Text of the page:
Calculation of pulsed wave phantom data for arteria femoralis
This phantom is used for calculating RF data as measured from arteria femoralis
in the upper leg. The phantom generates a number of files for particular time
instances. The scatterers are then propagated between pulses according to the Womersley
model mentioned in Jensen (1996) thereby generating a three-dimensional, pulsed
model of the flow in the femoral artery. Note, that all the scatterer position
files are generated before the simulation of the fields take place. For a pulse
repetition frequency of 5 kHz, 5000 files are generated per second of simulation
time, so a large amount of data is involved here.
The scatterer position files are then used during simulation for generating one
RF signal for each pulse emission. These files can then be used for doing either
spectral analysis as shown below or for estimating the profile in the artery.
The simulation is made so multiple workstations can work on the problem
automatically at the same time, as long as they have access to the same directory.
This is done by looking at which RF files that have been generated. The first one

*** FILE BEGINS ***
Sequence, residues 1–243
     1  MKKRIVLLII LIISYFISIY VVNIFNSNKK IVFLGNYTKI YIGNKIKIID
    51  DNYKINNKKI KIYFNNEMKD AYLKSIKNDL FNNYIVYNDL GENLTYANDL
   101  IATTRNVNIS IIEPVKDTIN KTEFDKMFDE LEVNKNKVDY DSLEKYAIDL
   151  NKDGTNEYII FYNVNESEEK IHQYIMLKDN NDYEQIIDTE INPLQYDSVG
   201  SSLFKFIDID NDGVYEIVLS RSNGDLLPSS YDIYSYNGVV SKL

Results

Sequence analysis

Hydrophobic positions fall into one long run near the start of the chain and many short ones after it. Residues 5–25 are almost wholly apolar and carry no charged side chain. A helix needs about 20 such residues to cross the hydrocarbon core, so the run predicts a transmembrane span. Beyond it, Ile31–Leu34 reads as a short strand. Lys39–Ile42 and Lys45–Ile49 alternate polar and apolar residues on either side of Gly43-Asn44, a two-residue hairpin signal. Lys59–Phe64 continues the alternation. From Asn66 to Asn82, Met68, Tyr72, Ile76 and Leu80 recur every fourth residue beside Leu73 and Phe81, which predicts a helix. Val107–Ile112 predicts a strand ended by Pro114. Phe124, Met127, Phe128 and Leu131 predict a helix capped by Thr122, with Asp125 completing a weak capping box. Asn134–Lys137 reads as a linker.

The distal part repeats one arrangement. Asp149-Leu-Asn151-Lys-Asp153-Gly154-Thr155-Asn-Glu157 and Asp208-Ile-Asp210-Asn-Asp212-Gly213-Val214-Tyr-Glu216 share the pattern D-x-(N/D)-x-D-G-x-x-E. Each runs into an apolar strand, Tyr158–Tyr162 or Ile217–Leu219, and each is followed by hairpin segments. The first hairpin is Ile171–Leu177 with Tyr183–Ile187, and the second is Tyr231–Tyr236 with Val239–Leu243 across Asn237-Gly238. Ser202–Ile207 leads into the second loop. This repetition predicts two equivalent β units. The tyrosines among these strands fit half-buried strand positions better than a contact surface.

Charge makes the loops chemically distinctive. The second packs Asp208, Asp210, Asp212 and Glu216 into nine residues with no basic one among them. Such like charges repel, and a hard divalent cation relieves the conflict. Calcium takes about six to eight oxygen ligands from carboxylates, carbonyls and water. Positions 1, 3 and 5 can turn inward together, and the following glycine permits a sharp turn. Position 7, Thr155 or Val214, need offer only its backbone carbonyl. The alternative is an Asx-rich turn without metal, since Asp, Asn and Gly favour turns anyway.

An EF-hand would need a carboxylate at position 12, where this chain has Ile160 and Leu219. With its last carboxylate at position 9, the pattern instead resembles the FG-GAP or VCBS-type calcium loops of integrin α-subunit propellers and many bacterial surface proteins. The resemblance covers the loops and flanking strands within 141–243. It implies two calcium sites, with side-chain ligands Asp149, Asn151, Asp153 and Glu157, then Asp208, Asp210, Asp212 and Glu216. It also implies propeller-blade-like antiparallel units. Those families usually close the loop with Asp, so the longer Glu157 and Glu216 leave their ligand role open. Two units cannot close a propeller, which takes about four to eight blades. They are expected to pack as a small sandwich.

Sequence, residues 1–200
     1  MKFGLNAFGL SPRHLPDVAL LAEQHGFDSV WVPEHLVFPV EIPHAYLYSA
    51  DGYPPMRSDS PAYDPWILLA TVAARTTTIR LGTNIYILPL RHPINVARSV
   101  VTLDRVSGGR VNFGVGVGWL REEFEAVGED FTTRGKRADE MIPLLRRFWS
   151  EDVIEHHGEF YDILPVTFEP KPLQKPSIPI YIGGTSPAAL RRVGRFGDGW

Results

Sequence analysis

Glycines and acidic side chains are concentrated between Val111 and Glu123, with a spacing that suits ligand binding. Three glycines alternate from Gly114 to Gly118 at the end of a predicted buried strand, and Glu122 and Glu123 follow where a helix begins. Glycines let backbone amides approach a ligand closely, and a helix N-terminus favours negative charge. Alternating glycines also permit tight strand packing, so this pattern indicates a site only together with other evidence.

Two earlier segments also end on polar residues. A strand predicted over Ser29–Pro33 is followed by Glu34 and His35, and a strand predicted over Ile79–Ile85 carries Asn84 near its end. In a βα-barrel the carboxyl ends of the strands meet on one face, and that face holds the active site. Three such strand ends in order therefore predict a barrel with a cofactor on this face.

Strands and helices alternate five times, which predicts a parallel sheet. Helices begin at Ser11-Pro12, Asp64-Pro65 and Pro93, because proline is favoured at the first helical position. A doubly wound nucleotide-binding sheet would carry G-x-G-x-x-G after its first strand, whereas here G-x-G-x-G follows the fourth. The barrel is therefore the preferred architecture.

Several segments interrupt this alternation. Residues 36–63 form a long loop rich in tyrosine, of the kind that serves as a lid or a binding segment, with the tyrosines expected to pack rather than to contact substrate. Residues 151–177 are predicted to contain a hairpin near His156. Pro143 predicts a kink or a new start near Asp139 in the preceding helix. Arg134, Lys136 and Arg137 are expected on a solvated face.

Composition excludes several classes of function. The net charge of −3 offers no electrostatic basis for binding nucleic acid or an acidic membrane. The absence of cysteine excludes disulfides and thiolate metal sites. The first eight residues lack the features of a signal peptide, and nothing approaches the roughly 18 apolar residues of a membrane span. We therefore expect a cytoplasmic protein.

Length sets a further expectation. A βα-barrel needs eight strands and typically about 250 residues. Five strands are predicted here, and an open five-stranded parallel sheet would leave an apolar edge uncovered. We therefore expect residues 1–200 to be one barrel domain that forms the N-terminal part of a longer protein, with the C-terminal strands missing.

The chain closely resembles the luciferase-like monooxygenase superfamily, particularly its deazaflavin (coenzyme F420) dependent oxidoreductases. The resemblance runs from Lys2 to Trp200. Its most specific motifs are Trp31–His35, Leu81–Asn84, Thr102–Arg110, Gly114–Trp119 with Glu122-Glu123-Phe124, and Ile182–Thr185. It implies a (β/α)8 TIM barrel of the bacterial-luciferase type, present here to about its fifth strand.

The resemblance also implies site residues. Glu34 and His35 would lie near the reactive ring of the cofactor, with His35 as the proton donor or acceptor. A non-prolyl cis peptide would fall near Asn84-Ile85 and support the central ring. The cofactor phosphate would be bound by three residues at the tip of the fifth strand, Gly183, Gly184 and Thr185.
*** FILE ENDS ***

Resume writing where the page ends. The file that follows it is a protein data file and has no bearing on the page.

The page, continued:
not simulated is reserved by the program by writing a dummy file, and then
doing the simulation. Multiple workstations can then work simultaneously on
the problem and generate a solution quickly. This has been done for the data
show below, where 5 workstations automatically coordinated their simulations.
The resulting spectogram for the simulation is:
Spectrogram from arteria femoralis.
The m-files can be found at:
The routine field.m initializes the field system, and should be modified
to point to the directory holding the Field II code and m-files. The routine
make_sct.m is then called to make the file for the scatterers in the
phantom. The script sim_pw_multi.m is then called. Here the field simulation
is performed and the data is stored in RF-files; one for each RF-line done.
The script show_data.m is used for making the pulsed wave spectrogram
by demodulating the data and calling sonogram.m.
Jørgen Arendt Jensen:
"Estimation of Blood Velocities Using Ultrasound, A Signal Processing Approach",
Cambridge University Press, 1996.